Sotheby’s latest ‘digital-native’ sale, featuring old-school digital artists, squeaks by its low estimate to fetch $2.3 million

While NFTs dominate the conversation around digital art today, the idea of ​​generative art and earlier digital art projects started popping up decades ago.

Sotheby’s is bringing this story to light with its series of “Natively Digital” sales, the most recent of which lasted a week, ending April 25.

The hybrid sale, which included both physical works and NFTs, appears to have hit its mark, grossing $1.8 million, or $2.3 million with premium included. (The pre-sale estimate was $2.3 million.) The 15 lots sold and the 11 lots offered had no reserve price.

The highest price by far was $882.00, paid for The difference between subtleties and subtle links (2022), an NFT and a giclée by Dmitri Cherniak. But even that was well below its $1 million asking price.

Manolo Gamboa Naon CUDA (2022). Image courtesy of Sotheby’s.

A representative said 69% of buyers were new to Sotheby’s, with more than a third of them under 40. The breakdown of total spend by region was as follows: North America, 40%; Asia, 39%; and Europe, 21 percent.

Other sales included NFT by Argentinian artist and creative coder Manolo Gamboa Naon CUDA (2020), for $352,800, missing its low estimate of $400,000; and Reckless and well-meaning #1 (2022), another double NFT and print offering from Tyler Hobbs, which sold for $327,600, wiping out its low estimate of $300,000.

Beyond Recognition (2022) by IX Shells, aka Itzel Yard, who is widely regarded as the leading female artist in the fields of generative art and NFT, sold, with a print, for $189,000 (below estimate $200,000 to $300,000).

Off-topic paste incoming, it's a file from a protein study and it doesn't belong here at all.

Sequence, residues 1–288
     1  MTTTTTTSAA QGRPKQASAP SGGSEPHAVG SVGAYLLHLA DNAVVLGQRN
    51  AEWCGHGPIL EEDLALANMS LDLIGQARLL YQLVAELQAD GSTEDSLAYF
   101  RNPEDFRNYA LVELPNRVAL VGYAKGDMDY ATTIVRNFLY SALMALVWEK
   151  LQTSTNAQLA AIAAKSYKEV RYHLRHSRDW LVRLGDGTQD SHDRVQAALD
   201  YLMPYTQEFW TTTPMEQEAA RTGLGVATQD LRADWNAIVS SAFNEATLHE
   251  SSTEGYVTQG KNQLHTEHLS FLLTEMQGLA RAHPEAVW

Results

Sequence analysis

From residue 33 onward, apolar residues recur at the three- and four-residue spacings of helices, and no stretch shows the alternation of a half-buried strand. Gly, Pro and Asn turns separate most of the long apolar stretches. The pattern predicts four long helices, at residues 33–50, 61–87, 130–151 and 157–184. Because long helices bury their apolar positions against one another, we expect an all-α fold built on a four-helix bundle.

Vera Molnar, <i>1% mess</i>(1976).  Image courtesy of Sotheby’s.” width=”1024″ height=”683″ srcset=”https://news.artnet.com/app/news-upload/2022/04/SND-Vera-Molnar- 1-of-disorder-ref.77.085.13.27.35-1977-copy-1024×683.jpg 1024w, https://news.artnet.com/app/news-upload/2022/04/SND-Vera-Molnar-1 -de-disorder-ref.77.085.13.27.35-1977-copy-300×200.jpg 300w, https://news.artnet.com/app/news-upload/2022/04/SND-Vera-Molnar-1- de-disorder-ref.77.085.13.27.35-1977-copy-50×33.jpg 50w, https://news.artnet.com/app/news-upload/2022/04/SND-Vera-Molnar-1-de -mess-ref.77.085.13.27.35-1977-copy.jpg 1500w” sizes=”(max-width: 1024px) 100vw, 1024px”/></p>
<p class=Vera Molnar, 1% mess (1976). Image courtesy of Sotheby’s.

“NFTs and the idea of ​​publishing art on the blockchain may be relatively new, but the artistic precedents of computer-generated art date back to at least the 1960s,” the auction house told Reuters. bids in an auction preview.

For example, artist Vera Molnár, who had two works for sale, began creating artwork with plotters and computers as early as 1968. Meanwhile, artist Harold Cohen had taught a computer named Aaron to be painted in 1972.

Molnar’s work 2% disorder in cooperation #01 (2022) sold for $138,600, within its estimate of $100,000 to $150,000. Another work by the artist, 1% mess (1976), sold for $25,200, above the high estimate of $20,000.

In total, rRecords were set for Molnár, Charles Csuri, Roman Verostko, Tyler Hobbs, Manolo Gamboa Noan, Sofia Crespo, Anne Spalter and Iskra Velitchkova.

“Expanding on the curated approach that has defined our series of Natively Digital sales, the latest sale was particularly innovative on several fronts,” said Michael Bouhana, Co-Head of Digital Art at Sotheby’s, “namely the presentation concept NFTs with historical generative artwork to celebrate the evolution of how these early pioneers, like Molnár and Csuri, paved the way for today’s digital art, and to peek a eye on how blockchain technology is being used to reinvent the field.

Most of the artists in the sale were presented for the first time at auction, or their work was presented for the first time in an NFT sale. As a result, Bouhana said, “Many collectors were introduced to these works and artists and experienced generative art for the first time. In doing so, we reached important new milestones and records for a number of artists. , and saw strong interest from digital and traditional art collectors throughout the sale.

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Marilyn M. Davis